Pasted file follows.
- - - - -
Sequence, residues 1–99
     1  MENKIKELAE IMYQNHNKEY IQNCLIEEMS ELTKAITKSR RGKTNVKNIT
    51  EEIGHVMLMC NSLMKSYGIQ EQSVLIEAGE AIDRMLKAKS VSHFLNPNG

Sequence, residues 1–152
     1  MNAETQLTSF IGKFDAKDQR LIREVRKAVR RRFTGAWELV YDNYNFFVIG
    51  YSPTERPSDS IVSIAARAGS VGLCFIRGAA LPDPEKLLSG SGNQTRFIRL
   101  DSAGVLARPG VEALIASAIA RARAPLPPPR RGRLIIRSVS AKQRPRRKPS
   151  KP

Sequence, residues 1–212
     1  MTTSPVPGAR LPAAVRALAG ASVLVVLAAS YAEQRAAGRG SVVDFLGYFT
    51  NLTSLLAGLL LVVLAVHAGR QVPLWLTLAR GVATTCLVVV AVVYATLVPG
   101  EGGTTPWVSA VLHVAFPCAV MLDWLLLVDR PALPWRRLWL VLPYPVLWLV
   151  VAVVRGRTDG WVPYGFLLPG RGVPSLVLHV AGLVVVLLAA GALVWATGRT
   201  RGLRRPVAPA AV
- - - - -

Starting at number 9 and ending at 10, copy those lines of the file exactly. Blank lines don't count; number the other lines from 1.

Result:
Sequence, residues 1–212
     1  MTTSPVPGAR LPAAVRALAG ASVLVVLAAS YAEQRAAGRG SVVDFLGYFT